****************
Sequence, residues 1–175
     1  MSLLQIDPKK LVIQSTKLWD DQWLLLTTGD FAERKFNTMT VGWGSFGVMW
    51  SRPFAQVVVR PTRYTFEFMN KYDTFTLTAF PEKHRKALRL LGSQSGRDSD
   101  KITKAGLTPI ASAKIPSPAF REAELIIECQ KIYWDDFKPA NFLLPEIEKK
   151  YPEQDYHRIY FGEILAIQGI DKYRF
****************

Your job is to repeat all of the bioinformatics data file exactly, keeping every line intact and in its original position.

Sequence, residues 1–175
     1  MSLLQIDPKK LVIQSTKLWD DQWLLLTTGD FAERKFNTMT VGWGSFGVMW
    51  SRPFAQVVVR PTRYTFEFMN KYDTFTLTAF PEKHRKALRL LGSQSGRDSD
   101  KITKAGLTPI ASAKIPSPAF REAELIIECQ KIYWDDFKPA NFLLPEIEKK
   151  YPEQDYHRIY FGEILAIQGI DKYRF